Recently, I had the opportunity to attend a lecture given by Lord Rees, OM, PRS, on the subject of his latest book "Our Final Hour: A Scientist's Warning." Later I asked him whether he believed in God, to which he cheekily quipped; "Well I certainly don't believe in Dawkins!"
Atheism is the new black. For some reason, despite ceasing to be edgy circa 1945, Atheism is currently en vogue with the intelligentsia. Much of this popularity must be attributed to Richard Dawkins. Strange really, when one considers the long list of Atheists that preceded him (Hemingway, Diderot, Sartre, to name but some) all of which had something more interesting to say.
I can't say I like Dawkins. Maybe its his inflated ego. Maybe its because he's a popularist and, as such, must pander to the idiot mass to whom he preaches. Primarily I feel it is because he diminishes the most subtle and thoroughly nuanced debate in human history to something basic and trivial. Dawkins is rather like the student who proclaims that there is no great genius in Shakespeare: one cannot help but feel that when someone rapidly discounts an idea that has captivated brilliant minds for centuries, that person is probably missing something.
The following youtube video is a short example of the inane simplicity to which this debate is reduced:
At least from the youtube comments it seems most people believe that Dawkin's trounces O'Reilley here. I am inclined to think otherwise. Dawkins treats contentious ideas as if they were undisputed (that we have a scientific understanding of how life began; that truth values are universal). Furthermore, he resorts to sophistry to attempt to win the argument (his mustache analogy at the end of the clip). O'Reilley is justified in considering the belief systems of dictators as relevant to their actions. To suggest this is analogous to considering their facial hair for the same purpose is absurd and misleading. The chief point I wish to address however, is Dawkin's assertion that Atheism does not require faith.
Any belief that an individual holds requires either justification or faith. Most beliefs require both. A Christian's 'justification' for a belief in God might come from the Bible, personal experience, or various philosophical arguments. The average person's justification for believing that the world we perceive is real rests on the same things (excluding the Bible in most cases). To whatever extent our sources of justification are 'beyond proof,' faith comes into the argument. Even the most basic propositions require some degree of faith. Descartes believed there was only ONE proposition that didn't; Cogito ergo sum.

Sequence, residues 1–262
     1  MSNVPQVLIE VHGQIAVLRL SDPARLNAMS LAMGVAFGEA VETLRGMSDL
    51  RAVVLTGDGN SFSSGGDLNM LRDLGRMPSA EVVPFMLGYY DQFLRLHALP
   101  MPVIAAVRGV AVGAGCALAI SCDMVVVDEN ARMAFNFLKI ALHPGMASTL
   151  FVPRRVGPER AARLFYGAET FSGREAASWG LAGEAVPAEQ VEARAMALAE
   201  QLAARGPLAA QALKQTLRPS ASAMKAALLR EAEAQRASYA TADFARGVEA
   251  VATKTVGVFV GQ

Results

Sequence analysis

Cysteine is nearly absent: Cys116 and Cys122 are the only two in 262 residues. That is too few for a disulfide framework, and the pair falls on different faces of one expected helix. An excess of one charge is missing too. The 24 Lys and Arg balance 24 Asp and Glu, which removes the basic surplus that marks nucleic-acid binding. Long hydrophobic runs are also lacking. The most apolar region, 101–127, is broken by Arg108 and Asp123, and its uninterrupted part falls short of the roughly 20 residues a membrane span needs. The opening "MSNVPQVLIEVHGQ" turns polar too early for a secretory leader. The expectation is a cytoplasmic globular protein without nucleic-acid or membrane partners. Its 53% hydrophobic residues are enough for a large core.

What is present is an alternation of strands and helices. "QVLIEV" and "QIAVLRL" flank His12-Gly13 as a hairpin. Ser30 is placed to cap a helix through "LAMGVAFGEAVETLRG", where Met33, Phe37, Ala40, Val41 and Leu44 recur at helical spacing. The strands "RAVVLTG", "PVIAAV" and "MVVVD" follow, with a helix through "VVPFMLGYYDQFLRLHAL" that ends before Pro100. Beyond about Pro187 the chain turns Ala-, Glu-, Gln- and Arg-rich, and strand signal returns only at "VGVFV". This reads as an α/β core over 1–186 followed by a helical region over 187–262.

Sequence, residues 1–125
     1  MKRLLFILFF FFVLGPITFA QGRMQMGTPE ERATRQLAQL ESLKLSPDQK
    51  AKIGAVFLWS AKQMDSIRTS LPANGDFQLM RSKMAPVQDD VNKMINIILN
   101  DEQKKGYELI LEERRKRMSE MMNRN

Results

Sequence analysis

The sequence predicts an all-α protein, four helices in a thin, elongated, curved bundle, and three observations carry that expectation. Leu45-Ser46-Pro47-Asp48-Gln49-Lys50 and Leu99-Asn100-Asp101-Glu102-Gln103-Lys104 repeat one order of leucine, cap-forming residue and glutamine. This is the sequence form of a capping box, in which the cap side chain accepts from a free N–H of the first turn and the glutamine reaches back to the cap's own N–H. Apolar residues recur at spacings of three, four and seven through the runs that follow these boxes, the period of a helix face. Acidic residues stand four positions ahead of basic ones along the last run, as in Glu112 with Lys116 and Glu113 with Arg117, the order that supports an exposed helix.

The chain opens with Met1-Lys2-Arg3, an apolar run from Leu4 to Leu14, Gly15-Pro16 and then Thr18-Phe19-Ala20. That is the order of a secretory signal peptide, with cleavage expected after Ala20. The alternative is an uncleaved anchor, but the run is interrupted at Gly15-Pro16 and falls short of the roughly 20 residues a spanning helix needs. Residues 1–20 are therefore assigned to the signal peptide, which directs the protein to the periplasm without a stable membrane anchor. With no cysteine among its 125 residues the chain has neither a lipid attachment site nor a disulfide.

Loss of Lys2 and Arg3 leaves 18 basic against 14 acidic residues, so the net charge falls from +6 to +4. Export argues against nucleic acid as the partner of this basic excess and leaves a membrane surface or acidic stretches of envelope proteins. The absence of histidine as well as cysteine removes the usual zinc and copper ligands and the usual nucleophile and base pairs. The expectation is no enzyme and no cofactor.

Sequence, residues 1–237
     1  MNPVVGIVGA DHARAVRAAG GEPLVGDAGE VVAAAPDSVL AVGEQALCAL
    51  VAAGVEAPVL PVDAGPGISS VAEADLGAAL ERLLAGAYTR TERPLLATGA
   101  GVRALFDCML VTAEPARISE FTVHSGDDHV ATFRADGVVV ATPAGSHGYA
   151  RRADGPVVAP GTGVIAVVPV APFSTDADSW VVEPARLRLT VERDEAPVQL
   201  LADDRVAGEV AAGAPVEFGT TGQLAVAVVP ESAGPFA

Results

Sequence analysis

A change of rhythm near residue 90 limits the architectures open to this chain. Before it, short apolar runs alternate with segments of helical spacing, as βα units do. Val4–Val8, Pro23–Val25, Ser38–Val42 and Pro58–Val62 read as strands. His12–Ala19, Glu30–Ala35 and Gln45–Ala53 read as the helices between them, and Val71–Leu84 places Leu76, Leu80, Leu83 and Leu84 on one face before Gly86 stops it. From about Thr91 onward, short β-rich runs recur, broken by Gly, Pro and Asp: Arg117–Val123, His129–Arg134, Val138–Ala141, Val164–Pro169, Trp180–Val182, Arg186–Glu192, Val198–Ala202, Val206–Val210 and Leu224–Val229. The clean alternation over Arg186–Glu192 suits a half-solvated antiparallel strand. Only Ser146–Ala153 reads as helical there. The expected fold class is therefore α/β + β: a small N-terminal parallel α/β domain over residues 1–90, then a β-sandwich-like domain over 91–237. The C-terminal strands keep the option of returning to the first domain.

Dawkin's tries to avoid faith clinging to his beloved atheism by asserting that faith only applies to positive beliefs; "the onus is on you to say why you believe in something." Otherwise stated: the opposite of a 'belief in something' is not a belief, because if it were a belief it would be a belief with no object. This assertion is false. A belief in a lack of something is still a belief. The object of the belief is not nothing; the object is the data set from which the 'something' is excluded. One either believes in [a,b,c,d,e,f] or [a,b,c,d,e]. Either way the belief requires faith. Harking back to the earlier example; if faith did not equally apply to negative existential propositions our default position regarding the existence of the world would be one of extreme skepticism.
A belief is only free of faith to the extent it is justified. If you ask the average Dawkin's fanboy why he is an atheist he will probably cite science in some way. Evolution will likely be mentioned. First of all, theism is by no means incompatible with science. In attacking creationism, Dawkins and co. give themselves an easy 'straw-man' target hardly worth attacking. Secondly, science is highly specialized and esoteric. As a result, even the beliefs of a world authority on evolution are likely to be heavily dependent on the testimony of others. The average person's belief in scientific theories is likely to be wholly grounded in testimony, often to the point that they don't even understand what they claim to believe. (Just ask someone if they believe in string-theory or quantum mechanics.) Yet somehow these people have the unmitigated arrogance to consider themselves members of some intellectual club.
Richard Dawkins is the Michael Moore of the God Debate. And, like Moore, his dogma spills readily from many lips of his proponents. These people wear Atheism like a badge. They commit the fallacy of equating beliefs with intelligence. Intelligent people are, of course, more likely to believe certain things. The mistake is to think that believing those same things makes one intelligent. It is not what you believe that counts. It is why.
Dawkin's speaks of a need to be humble. The true position of humility is agnosticism. As various religious tenets are successfully challenged the best position is probably agnostic-atheism. Remember the scientific method espoused by Popper! "A hypothesis can never be proved, only disproved." It is reasonable to believe that God most likely does not exist. But one should always have the humility to accept that there are things about the world we do not know, and after all, one could be wrong. Unfortunately this is not a very controversial position. No one writes a best seller called "God Doesn't Exist (Maybe)." This is a pity. The world would be vastly improved if fence-sitting became more popular.